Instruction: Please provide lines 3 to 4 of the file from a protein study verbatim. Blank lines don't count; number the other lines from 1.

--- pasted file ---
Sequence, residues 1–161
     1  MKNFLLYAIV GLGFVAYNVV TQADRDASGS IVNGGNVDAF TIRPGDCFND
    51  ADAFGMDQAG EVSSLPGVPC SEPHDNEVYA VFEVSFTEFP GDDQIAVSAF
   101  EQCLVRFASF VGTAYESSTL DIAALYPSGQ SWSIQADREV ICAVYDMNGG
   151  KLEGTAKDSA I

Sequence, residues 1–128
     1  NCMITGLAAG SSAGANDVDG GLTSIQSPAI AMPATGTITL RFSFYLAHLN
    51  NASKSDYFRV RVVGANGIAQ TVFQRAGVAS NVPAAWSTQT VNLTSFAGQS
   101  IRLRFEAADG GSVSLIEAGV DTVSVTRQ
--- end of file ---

    51  ADAFGMDQAG EVSSLPGVPC SEPHDNEVYA VFEVSFTEFP GDDQIAVSAF
   101  EQCLVRFASF VGTAYESSTL DIAALYPSGQ SWSIQADREV ICAVYDMNGG